What is the Digital Humanities?

A definition:

The Digital Humanities (DH) encompasses both using digital technologies to undertake humanities work and examining how digital technologies affect people. Its practices are multifaceted, encompassing teaching, publishing, preserving artifacts, researching, tool-building, etc. However, not every use of a computer or technology to do humanities is DH. DH means using technology to do humanities work you couldn’t do without it, whether observing human activities dependent on the digital or making and using new digital research tools or doing anything else.

My definition of the Digital Humanities, understands the field as a broad one, a field tied together by common methods and interests. It is a field using recent technological innovations to push the limits of understanding humanity and its cultures. It is more a set of shared practices than a traditional academic. discipline. Tool building, digital analysis, online publishing, and preservation through digitization are all examples of DH projects, as are humanistic examinations of these practices and of the technology that enable them.[i]

My understanding of DH reflects the realization that DH is broader than “computational humanities.” As much as DH is about using technology, it is also crucial to examine technology from a humanist perspective. Humanities researchers have repeatedly identified how power structures, social relations, cultural norms, and technological change affect people’s lives and often reproduce inequalities. These perspectives must continue to be brought to bear on digital technologies and their impact on society, politics, and culture. DH as the field where digital technologies and the humanities meet must continue to undertake this kind of analysis, and it is especially important for digital humanists to take factors such as access, accessibility, and cultural impact into account when building tools, sharing information, and engaging the public.[ii]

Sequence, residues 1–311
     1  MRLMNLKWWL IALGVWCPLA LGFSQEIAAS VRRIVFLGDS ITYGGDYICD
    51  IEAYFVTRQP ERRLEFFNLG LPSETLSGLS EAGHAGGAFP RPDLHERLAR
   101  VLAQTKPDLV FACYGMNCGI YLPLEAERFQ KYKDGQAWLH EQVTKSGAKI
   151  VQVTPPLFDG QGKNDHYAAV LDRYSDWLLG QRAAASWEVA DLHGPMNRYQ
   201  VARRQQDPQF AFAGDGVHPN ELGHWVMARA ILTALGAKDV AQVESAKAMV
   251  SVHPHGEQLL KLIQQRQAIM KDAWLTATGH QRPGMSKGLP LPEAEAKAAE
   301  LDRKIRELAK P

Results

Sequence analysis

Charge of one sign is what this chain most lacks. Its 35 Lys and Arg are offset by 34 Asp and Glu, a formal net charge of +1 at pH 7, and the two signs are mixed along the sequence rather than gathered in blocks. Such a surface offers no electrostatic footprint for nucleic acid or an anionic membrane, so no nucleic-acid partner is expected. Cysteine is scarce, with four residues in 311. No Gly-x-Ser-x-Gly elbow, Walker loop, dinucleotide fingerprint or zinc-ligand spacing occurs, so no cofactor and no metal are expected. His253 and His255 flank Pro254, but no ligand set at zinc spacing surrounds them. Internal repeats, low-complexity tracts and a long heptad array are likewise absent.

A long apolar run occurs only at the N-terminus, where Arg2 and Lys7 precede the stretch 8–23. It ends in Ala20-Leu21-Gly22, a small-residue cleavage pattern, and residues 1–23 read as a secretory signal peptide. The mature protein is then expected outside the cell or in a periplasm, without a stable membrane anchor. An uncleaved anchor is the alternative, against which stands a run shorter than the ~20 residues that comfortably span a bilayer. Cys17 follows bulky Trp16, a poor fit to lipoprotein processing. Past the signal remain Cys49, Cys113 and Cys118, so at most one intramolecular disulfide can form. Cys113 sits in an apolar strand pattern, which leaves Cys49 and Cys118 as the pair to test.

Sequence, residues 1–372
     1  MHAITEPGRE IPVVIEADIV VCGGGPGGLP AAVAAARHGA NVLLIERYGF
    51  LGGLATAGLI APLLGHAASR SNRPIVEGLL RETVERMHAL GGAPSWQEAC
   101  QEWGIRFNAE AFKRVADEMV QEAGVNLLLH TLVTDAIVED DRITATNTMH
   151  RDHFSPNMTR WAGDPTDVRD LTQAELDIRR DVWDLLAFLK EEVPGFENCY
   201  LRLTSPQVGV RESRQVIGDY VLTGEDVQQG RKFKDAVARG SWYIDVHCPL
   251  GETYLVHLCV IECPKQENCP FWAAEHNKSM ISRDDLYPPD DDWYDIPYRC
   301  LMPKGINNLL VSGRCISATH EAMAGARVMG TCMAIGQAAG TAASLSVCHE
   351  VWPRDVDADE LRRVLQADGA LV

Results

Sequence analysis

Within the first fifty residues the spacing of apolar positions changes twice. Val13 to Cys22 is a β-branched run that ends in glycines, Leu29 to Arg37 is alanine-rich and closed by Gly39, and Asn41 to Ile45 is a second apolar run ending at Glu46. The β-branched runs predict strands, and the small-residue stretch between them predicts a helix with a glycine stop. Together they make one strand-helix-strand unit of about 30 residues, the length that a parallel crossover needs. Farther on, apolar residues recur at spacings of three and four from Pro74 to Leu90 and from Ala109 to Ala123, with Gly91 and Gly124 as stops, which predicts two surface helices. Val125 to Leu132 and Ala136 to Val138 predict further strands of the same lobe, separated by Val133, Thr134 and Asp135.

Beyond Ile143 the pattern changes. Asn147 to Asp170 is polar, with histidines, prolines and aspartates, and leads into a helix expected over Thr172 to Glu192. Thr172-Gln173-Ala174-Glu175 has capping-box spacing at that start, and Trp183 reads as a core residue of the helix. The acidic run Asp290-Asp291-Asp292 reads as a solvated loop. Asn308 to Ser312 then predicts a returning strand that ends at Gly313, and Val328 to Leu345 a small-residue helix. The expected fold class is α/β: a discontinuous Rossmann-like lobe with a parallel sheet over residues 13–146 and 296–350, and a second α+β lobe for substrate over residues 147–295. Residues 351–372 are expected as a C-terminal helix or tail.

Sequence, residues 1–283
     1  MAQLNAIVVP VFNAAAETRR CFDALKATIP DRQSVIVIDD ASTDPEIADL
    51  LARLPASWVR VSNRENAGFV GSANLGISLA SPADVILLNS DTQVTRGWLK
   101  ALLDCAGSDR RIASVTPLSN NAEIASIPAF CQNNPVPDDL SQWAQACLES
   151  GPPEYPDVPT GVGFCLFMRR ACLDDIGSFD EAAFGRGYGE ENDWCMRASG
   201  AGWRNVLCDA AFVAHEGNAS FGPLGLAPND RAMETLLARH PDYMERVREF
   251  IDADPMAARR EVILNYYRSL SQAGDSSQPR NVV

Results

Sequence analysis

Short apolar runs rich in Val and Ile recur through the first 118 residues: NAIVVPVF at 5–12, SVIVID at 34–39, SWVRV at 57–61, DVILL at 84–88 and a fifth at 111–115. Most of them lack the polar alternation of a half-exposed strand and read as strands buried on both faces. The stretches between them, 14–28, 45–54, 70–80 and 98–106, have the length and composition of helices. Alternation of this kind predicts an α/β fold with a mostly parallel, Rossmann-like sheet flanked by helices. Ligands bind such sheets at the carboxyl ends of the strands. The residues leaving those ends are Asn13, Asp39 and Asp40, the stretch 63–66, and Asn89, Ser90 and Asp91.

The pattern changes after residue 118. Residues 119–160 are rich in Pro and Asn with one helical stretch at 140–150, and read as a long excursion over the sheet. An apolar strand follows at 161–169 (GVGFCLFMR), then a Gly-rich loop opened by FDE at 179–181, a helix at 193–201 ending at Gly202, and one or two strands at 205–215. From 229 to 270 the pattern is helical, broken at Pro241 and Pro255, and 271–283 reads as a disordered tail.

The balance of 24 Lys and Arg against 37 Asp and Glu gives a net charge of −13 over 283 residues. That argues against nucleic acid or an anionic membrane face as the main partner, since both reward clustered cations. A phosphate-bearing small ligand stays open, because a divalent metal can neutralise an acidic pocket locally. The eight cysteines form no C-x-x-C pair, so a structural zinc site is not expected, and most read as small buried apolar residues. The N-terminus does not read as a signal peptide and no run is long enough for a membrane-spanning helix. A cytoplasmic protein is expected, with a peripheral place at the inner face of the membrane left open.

Though DH should be disciplinarily and methodologically diverse, it must still have boundaries to be a useful category. Critics of “big tent” DH have pointed out that too broad of a definition can lead to disciplinary confusion and the breakdown of the community, where “‘peers’ can often have little real insight into the relevance of applicability of a given specific research topic.”[iii] Accordingly, I believe an apt limit to DH is what activities can only be performed with the help of digital technologies. Word processing, for instance, is an update to pen-and-paper and typewriter drafting that should not be considered DH, while the statistical analysis of hundreds of documents, the sharing of primary texts via the internet to anyone in the world, or the examination of how communities form via the internet are all “born digital” practices that should be part of the umbrella.

[i] My thoughts here are especially informed by Anne Burdick, Johanna Drucker, and Jeffrey Schnapp, “A Short Guide to the Digital_Humanities,” in Digital_Humanities (Cambridge: MIT Press, 2012), 121–27; and Melissa Terras, “Peering Inside the Big Tent: Digital Humanities and the Crisis of Inclusion,” Melissa Terras’ Blog (blog), July 26, 2011, https://melissaterras.blogspot.com/2011/07/peering-inside-big-tent-digital.html.

[ii] For more on these opportunities, see Jacqueline Wernimont and Elizabeth Losh, “Introduction,” in Bodies of Information: Intersectional Feminism and Digital Humanities, Debates in the Digital Humanities (Minneapolis: Univ Of Minnesota Press, 2018), https://dhdebates.gc.cuny.edu/read/untitled-4e08b137-aec5-49a4-83c0-38258425f145/section/466311ae-d3dc-4d50-b616-8b5d1555d231.

[iii] Terras, “Peering Inside the Big Tent.” See also Lauren F. Klein and Matthew K. Gold, “Introduction: Digital Humanities: The Expanded Field,” in Debates in the Digital Humanities 2016, Debates in the Digital Humanities (Minneapolis: Univ Of Minnesota Press, 2016), https://dhdebates.gc.cuny.edu/read/untitled/section/14b686b2-bdda-417f-b603-96ae8fbbfd0f.